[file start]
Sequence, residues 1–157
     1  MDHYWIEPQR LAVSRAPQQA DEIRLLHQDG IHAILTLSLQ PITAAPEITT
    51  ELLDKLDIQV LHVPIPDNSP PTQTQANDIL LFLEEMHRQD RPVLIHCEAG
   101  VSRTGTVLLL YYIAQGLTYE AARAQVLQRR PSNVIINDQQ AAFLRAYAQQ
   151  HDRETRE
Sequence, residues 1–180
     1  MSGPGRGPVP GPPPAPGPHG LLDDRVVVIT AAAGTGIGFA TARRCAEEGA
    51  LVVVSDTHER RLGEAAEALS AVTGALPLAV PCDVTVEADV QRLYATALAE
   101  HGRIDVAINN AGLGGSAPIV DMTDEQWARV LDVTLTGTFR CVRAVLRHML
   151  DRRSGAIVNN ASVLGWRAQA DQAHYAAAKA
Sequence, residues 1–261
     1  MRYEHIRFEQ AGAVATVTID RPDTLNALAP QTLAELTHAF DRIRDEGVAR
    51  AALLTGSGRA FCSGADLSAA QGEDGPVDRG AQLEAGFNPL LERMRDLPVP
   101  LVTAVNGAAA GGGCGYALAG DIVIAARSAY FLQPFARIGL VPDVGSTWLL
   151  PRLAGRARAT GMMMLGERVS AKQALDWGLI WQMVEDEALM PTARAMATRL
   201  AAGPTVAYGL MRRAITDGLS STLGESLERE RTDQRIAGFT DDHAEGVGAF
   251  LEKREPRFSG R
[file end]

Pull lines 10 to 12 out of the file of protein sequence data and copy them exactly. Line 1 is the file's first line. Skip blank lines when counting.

   151  DRRSGAIVNN ASVLGWRAQA DQAHYAAAKA
Sequence, residues 1–261
     1  MRYEHIRFEQ AGAVATVTID RPDTLNALAP QTLAELTHAF DRIRDEGVAR